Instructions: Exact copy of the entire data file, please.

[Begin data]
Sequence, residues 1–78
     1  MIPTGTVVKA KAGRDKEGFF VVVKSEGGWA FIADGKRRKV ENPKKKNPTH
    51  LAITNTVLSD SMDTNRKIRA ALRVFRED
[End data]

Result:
Sequence, residues 1–78
     1  MIPTGTVVKA KAGRDKEGFF VVVKSEGGWA FIADGKRRKV ENPKKKNPTH
    51  LAITNTVLSD SMDTNRKIRA ALRVFRED